It seems absurd to have nostalgia for the 2000s. Surely it was just a heartbeat ago? Yet that is where I find myself. So much has changed in the last decade and a half – politically and personally (child, mortgage, increasing awareness of own mortality) of course, but also in games. These are times of pre-order DLC, culture wars, UHD, annual sequels and developers saying contentious things on Twitter. So much noise, so much division, so much complication, so many games, even. I know I am not alone in finding it exhausting – a friend recently picked up an original Xbox, a CRT TV and a ceiling-high stack of games for pennies, and is absolutely delighted by his return to what feels like a simpler era. It’s not “the games were better then” – if anything, most were worse – but that the entirety of games and gaming seemed so much calmer.
Me? I dream of Dun Morogh, the snowy Dwarf and Gnome starting zone from World of Warcraft.Note – please click on the images to enlarge them. Some are, I think, quite beautiful.
To this day, I can close my eyes and conjure up particular paths, creatures and caves from Dun Morogh. There were a couple of years when WoW was nigh-on the most important thing in the world to me, but even before I fell wholly out of love for its ongoing drift into a game of numbers, nothing I saw or did in it, across multiple characters, continents and even planets, could ever measure up to Dun Morogh.
Dun Morogh, in my memory, still feels like home. My first character in WoW – save for a brief dalliance with a Night Elf priest in the beta – was a Gnome Rogue, initially named Kafka but then changed to Samsa (as in awoke one morning to discover etc…) after some passing bore dobbed me into a jobsworth GM for using a name deemed to be too real-world. I made alts, sure, but Samsa, her twin daggers and her bushy green pigtails would always be My Character. Still around on a server somewhere, abandoned soon after hitting the level cap in the Wrath of the Lich King expansion, waiting.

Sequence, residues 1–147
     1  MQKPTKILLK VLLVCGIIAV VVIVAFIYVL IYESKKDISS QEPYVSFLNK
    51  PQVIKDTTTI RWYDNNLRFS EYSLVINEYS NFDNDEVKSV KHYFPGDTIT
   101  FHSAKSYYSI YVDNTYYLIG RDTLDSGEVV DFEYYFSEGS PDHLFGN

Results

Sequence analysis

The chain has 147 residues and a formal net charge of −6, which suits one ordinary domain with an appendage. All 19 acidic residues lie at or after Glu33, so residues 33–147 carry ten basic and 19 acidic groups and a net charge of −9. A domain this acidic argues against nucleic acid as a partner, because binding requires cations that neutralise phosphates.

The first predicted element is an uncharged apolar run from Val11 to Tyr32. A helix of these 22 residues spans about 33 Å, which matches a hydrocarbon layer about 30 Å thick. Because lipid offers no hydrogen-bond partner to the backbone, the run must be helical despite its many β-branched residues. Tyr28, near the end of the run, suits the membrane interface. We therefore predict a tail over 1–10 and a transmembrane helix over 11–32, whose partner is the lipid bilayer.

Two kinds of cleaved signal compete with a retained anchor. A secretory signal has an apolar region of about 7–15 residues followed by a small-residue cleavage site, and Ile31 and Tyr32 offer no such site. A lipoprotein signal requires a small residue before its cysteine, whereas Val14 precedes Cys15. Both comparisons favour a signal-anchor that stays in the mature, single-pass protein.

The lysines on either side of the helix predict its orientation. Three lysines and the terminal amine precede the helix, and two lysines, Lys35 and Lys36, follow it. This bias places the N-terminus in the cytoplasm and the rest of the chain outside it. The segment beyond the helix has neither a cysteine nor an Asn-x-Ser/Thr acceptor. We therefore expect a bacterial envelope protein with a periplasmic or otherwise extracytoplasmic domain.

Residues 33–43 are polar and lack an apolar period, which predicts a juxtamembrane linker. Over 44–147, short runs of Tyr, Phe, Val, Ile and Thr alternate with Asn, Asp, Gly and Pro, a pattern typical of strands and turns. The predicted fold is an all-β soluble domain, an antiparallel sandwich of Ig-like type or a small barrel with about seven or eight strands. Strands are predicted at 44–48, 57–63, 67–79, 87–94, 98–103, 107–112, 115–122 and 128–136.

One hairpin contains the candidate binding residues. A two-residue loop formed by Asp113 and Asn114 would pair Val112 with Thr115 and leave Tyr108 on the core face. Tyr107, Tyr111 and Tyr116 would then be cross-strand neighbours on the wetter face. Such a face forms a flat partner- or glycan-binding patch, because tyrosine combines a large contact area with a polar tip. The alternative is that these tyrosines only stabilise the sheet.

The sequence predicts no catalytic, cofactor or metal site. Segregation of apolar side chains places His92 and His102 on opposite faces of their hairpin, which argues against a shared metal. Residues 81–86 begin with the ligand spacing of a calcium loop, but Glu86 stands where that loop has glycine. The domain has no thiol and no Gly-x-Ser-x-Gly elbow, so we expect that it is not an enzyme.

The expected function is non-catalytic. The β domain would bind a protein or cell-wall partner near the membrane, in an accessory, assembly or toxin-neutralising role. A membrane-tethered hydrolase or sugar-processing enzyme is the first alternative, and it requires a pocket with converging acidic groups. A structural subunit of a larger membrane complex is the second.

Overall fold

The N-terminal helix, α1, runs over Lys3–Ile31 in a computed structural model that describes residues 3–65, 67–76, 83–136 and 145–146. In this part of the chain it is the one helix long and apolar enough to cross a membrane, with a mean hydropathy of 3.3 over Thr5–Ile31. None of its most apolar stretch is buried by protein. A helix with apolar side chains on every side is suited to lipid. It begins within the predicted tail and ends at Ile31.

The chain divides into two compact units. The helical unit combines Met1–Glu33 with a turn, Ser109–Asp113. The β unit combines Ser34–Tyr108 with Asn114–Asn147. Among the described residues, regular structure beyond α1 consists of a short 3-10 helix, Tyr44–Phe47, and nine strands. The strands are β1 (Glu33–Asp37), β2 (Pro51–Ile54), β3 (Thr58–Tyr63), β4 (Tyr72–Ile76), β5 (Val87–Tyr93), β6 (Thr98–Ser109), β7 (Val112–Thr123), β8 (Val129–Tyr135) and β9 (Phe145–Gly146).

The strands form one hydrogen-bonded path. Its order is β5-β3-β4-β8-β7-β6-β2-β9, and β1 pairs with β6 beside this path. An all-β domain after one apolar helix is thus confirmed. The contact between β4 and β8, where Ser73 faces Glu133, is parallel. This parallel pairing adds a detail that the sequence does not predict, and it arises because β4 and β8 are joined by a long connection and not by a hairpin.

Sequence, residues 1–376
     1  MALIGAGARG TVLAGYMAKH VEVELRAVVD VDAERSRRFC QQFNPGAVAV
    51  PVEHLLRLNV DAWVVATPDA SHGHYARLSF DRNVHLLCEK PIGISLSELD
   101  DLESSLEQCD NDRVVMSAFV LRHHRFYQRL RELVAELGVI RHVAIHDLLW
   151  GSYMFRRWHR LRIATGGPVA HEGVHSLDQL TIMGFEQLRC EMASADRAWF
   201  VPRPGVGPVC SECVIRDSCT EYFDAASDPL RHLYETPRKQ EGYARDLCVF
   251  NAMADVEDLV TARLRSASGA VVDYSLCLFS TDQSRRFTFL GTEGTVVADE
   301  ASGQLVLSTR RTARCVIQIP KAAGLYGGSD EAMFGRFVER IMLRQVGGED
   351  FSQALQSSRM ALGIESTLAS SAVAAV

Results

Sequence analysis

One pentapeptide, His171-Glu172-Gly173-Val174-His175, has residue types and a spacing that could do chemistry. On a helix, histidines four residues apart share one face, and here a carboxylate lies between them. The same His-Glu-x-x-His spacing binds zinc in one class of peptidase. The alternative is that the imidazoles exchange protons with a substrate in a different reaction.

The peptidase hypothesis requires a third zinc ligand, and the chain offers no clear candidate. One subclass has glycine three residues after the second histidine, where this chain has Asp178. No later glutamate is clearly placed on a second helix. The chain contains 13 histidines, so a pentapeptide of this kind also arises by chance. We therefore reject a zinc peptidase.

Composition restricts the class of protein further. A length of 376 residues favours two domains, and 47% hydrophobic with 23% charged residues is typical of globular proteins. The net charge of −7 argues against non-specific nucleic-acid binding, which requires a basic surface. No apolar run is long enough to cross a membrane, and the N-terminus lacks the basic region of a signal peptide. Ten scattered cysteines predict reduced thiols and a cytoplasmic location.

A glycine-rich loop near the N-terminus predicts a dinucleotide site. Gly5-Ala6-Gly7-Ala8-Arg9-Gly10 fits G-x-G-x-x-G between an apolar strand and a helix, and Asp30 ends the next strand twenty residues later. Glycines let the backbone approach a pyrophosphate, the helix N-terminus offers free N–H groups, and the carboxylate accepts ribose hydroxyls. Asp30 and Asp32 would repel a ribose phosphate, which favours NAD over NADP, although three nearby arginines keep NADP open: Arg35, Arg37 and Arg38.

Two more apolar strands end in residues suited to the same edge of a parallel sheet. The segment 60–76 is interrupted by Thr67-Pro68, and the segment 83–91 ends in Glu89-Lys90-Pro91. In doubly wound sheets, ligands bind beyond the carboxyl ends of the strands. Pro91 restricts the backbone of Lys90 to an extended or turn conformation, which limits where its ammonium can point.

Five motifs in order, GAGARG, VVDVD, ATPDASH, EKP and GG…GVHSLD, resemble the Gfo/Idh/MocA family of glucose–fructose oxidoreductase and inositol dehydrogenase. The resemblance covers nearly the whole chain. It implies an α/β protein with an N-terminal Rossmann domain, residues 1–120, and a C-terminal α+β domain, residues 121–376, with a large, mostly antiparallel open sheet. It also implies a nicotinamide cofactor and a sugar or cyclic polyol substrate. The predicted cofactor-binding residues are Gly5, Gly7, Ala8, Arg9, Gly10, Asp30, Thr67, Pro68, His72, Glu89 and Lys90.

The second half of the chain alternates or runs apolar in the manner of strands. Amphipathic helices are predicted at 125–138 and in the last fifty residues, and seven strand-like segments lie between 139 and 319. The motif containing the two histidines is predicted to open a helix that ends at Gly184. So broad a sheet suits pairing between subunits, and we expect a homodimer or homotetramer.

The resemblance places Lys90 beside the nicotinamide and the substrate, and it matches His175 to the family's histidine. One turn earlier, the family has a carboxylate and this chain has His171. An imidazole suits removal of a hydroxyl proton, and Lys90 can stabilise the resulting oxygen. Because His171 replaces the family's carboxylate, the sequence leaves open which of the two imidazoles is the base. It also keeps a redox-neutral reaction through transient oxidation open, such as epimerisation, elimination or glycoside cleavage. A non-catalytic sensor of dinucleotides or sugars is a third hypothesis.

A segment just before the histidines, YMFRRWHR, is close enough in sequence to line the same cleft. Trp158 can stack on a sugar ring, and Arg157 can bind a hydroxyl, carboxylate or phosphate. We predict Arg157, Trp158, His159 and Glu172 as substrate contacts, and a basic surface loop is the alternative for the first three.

Waiting for that perfect day when something happened to bring me back. That day will never come, of course. World of Warcraft is never going to return to the game of risky exploration and dress-up it first was, because it has set and then become victim of so many stat-chasing, dungeon-repeating precedents that inform so many games to this day.
Because I can never go back to Dun Morogh. Not with Samsa, who could slaughter her way through its entire monster population in a heartbeat. Samsa was born in Dun Morogh, earned her stripes in yeti caves and snow-wolf dens, knew well the inn in Kharanos, the bridge just outside the path up to mighty Ironforge, trekked down what felt like endlessly long and lonely trails to do battle with boss-beasts or retrieve kegs of Dwarven ale. In Dun Morogh, she learned how this new world worked, she learned its geography, she climbed snowy hillsides and she gazed upon the ruins of old civilization. She made it her home. And when she moved on, to lush Loch Modan and then lands far, far beyond, she always felt like a tourist.
Dun Morogh, in memory, was a lonely place, but beautiful and serene with it. WoW had no shortage of lonely places, but others tended towards the scorched or desolate. Dun Morogh was a quiet wonderland, feeling broadly untouched by the conflict that ravaged the wider world. A place of hunters and fishers, builders and boozers. I was happy in Dun Morogh. I felt I had found The Game, the only one I would ever need. I snuck into every cave with wonder in my heart, climbed every mountain desperate to see what hints the horizon might hold.
I have long dreamed of Dun Morogh, and this year especially have wished I could somehow restore myself to that earlier, simpler time. Me in the snow, fighting wolves, fishing in frozen lakes, gazing in awe at players who had somehow already earned their mecha-ostrich mounts. So much promise, so much anticipation.